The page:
Thank you for using the timer - this advanced tool can estimate your performance and suggest more practice questions. We have subscribed you to Daily Prep Questions via email.
Customized for You
we will pick new questions that match your level based on your Timer History
Track Your Progress
every week, we’ll send you an estimated GMAT score based on your performance
Practice Pays
we will pick new questions that match your level based on your Timer History
Not interested in getting valuable practice questions and articles delivered to your email? No problem, unsubscribe here.
It appears that you are browsing the GMAT Club forum unregistered!
Signing up is free, quick, and confidential.
Join other 500,000 members and get the full benefits of GMAT Club
Registration gives you:
Tests
Take 11 tests and quizzes from GMAT Club and leading GMAT prep companies such as Manhattan GMAT,
Knewton, and others. All are free for GMAT Club members.
Applicant Stats
View detailed applicant stats such as GPA, GMAT score, work experience, location, application
status, and more
Books/Downloads
Download thousands of study notes,
question collections, GMAT Club’s
Grammar and Math books.
All are free!
Thank you for using the timer!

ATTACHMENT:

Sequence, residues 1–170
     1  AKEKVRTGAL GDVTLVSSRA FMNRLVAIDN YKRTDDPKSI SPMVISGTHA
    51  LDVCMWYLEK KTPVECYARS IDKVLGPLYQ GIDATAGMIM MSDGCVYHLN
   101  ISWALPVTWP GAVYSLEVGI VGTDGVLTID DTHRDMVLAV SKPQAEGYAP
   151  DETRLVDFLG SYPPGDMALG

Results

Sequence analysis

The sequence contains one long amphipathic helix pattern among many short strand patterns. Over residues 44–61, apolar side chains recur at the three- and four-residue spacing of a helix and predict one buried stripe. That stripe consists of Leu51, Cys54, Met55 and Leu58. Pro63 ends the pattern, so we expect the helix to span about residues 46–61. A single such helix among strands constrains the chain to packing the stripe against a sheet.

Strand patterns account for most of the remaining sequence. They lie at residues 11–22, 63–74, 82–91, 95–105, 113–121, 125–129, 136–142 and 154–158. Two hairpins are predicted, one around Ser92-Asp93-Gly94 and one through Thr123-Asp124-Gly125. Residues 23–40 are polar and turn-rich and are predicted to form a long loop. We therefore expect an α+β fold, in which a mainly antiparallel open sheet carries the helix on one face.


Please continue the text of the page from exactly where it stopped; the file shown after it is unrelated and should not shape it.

We noticed you are actually not timing your practice. Click the START button first next time you use the timer.
There are many benefits to timing your practice, including:
Re: Everything is Less Than Zero [#permalink]
10 Feb 2011, 02:28
9
This post received KUDOS
Expert's post
14
This post was BOOKMARKED
144144 wrote:
Thanks Bunuel. +1
A question - what is the best way u use to know if the "good" area is above or below?
i mean - what was the best way for u to know that its between -1/2 to 0
i used numbers ex. 1/4 but it consumes time! is there any better technique?
thanks.
Check the link in my previous post. There are beautiful explanations by gurpreetsingh and Karishma.
General idea is as follows:
We have: \((1+2x)*x^3*(1-2x)<0\) --> roots are -1/2, 0, and 1/2 (equate the expressions to zero to get the roots and list them in ascending order), this gives us 4 ranges: \(x<-\frac{1}{2}\), \(-\frac{1}{2}<x<0\), \(0<x<\frac{1}{2}\) and \(x>\frac{1}{2}\) --> now, test some extreme value: for example if \(x\) is very large number than first two terms ((1+2x) and x) will be positive but the third term will be negative which gives the negative product, so when \(x>\frac{1}{2}\) the expression is negative. Now the trick: as in the 4th range expression is negative then in 3rd it'll be positive, in 2nd it'l be negative again and finally in 1st it'll be positive: + - + -. So, the ranges when the expression is negative are: \(-\frac{1}{2}<x<0\) (2nd range) or \(x>\frac{1}{2}\) (4th range).
Re: Everything is Less Than Zero [#permalink]
13 Feb 2011, 21:05
14
This post received KUDOS
Expert's post
7
This post was BOOKMARKED
subhashghosh wrote:
Hi Bunuel
I'm getting D as answer :
x^3(1-2x)(1+2x) < 0
\(-ve --- -1/2---- +ve--- 0----- -ve-----1/2--- +ve\) Could you please explain where I'm wrong ?
Regards, Subhash
Even though your question is directed to Bunuel, I will give a quick explanation.